Moussa Kaka is a Nigerien radio journalist and director of Maradi based station Saraounia FM, as well as a correspondent for France’s Radio France International. He has twice been arrested by the government of President Mamadou Tandja over his reporting. He is at the center of a 2008 court case by the Nigerien government over his 2007 interviews of Movement of Nigeriens for Justice (MNJ) rebels.
In 1993, Moussa became Niger correspondent for France’s Radio France International. At that time he was a print journalist for the Niamey based independent newspaper Le Républicain-Niger. In 2002, Kaka was named news director Saraounia FM, a radio station in the Regional capitol of Maradi, where he had been employed since 2000. Niger has a strong radio press, as high illiteracy rates and low television broadcast coverage make it the dominant news medium for much of the nation. Despite instances of arrest and detention of journalists, West African observers generally judge Nigerien press to be independent and lively in attacking the government.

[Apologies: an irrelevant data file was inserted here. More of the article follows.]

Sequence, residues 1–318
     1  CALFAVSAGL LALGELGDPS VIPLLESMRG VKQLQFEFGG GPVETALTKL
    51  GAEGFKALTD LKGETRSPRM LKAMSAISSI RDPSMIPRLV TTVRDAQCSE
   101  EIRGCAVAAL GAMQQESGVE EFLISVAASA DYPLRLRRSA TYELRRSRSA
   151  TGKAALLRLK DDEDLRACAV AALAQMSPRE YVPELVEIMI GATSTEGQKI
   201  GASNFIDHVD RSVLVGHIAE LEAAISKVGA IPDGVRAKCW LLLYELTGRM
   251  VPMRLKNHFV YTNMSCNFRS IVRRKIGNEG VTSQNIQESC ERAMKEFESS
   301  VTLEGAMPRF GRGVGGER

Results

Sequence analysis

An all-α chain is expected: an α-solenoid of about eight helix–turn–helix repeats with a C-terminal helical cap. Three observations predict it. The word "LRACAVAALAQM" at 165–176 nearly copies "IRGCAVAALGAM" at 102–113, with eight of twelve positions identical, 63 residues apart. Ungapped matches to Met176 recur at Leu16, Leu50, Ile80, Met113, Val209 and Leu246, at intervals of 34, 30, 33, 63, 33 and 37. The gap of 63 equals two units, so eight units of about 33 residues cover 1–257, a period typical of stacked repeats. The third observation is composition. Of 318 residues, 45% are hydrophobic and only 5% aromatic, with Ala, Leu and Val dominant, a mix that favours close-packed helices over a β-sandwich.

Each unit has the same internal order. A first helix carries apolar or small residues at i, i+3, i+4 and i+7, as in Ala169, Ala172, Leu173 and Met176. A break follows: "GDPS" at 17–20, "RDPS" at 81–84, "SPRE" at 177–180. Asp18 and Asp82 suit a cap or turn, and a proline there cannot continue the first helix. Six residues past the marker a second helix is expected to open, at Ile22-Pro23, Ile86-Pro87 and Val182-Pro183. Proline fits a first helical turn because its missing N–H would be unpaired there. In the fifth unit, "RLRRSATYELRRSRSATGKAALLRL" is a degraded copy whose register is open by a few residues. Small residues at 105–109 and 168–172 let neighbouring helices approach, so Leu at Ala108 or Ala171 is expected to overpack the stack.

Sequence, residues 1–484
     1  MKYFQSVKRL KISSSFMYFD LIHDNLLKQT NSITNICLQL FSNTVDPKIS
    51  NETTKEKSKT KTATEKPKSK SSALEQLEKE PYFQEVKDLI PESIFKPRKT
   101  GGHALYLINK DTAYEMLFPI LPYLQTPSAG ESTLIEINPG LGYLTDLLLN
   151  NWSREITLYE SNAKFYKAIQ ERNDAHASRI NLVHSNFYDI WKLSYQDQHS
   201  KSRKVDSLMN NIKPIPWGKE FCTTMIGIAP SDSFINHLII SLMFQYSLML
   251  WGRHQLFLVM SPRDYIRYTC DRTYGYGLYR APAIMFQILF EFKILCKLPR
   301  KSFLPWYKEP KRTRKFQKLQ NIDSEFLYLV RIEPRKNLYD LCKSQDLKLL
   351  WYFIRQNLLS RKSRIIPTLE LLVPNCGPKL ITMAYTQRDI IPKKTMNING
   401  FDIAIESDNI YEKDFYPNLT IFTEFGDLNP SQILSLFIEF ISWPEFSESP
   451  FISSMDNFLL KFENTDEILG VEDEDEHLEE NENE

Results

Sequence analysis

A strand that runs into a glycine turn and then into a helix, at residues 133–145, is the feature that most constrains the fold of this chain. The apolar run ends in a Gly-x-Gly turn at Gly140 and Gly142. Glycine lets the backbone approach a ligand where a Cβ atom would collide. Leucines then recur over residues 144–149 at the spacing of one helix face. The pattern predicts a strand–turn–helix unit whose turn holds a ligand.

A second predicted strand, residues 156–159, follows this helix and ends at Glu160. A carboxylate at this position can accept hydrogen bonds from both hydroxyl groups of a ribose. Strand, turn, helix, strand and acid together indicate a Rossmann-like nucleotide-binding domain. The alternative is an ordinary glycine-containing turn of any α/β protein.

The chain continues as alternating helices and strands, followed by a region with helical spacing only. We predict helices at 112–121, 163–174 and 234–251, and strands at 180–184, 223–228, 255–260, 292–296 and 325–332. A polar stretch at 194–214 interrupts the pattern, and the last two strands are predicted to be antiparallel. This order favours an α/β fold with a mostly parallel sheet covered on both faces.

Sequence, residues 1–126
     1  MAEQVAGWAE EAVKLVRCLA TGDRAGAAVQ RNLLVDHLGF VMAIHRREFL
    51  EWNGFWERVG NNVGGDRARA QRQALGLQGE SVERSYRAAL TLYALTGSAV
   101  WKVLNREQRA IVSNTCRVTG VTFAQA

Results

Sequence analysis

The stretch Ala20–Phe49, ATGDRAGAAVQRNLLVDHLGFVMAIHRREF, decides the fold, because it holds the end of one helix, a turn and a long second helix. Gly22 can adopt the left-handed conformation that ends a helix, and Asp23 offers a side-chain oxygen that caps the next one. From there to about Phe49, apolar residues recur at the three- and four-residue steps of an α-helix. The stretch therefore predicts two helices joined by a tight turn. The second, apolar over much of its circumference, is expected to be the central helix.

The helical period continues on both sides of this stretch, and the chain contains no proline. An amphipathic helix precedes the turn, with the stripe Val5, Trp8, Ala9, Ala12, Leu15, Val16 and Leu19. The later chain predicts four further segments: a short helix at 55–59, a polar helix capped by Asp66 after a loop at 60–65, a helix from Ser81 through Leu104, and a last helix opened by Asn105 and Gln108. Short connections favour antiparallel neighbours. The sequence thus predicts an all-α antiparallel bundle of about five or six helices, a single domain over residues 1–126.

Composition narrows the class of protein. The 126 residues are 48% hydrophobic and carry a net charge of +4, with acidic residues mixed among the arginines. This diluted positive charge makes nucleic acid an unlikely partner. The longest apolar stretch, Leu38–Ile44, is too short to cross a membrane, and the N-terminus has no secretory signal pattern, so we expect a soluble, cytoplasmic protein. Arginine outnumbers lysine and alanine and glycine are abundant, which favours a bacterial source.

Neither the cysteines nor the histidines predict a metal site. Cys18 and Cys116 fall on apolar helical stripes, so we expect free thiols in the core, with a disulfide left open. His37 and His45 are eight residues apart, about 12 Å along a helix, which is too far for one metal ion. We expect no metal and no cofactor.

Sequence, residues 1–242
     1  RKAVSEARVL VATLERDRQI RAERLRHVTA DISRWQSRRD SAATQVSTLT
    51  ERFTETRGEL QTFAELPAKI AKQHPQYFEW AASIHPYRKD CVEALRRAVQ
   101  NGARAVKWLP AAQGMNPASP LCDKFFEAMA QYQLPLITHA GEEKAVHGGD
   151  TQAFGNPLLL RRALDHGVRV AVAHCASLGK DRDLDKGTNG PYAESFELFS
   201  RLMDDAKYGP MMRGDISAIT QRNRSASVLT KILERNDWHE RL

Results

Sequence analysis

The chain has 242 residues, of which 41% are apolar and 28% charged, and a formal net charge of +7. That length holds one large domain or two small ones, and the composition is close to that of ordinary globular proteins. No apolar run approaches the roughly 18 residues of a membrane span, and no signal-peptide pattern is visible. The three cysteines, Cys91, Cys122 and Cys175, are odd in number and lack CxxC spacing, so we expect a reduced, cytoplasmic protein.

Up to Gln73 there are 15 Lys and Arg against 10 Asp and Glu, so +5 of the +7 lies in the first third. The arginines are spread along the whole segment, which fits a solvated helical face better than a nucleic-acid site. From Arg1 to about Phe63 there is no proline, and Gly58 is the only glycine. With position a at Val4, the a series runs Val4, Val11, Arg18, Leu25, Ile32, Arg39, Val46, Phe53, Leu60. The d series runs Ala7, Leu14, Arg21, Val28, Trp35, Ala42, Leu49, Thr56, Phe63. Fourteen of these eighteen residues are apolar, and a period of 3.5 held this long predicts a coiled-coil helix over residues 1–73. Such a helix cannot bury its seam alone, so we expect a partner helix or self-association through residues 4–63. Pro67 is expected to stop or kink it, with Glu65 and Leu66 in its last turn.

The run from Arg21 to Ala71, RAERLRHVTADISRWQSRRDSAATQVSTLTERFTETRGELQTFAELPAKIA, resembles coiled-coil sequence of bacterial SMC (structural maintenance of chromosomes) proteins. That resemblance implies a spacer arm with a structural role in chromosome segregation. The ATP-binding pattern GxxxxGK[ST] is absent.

In 2002, Kaka was arrested for his reporting of a Nigerien Armed Forces mutiny in the regional capital of Diffa at the beginning of August 2002. On 23 August, Kaka was arrested and questioned at Niamey’s Gendarmarie central headquarters In this instance he was released, along with several other print and electronic journalists, within days. The Nigerien government said that journalists were being investigated for breach of laws covering “the dissemination, by any communications means, of reports or allegations liable to cast doubt on national defence operations.” Kaka was also singled out in a national statement by the government. A public television broadcast during the coup attempt called Kaka and managing editor of Le Républicain Mamane Abou “stateless persons” “working for the opposition”.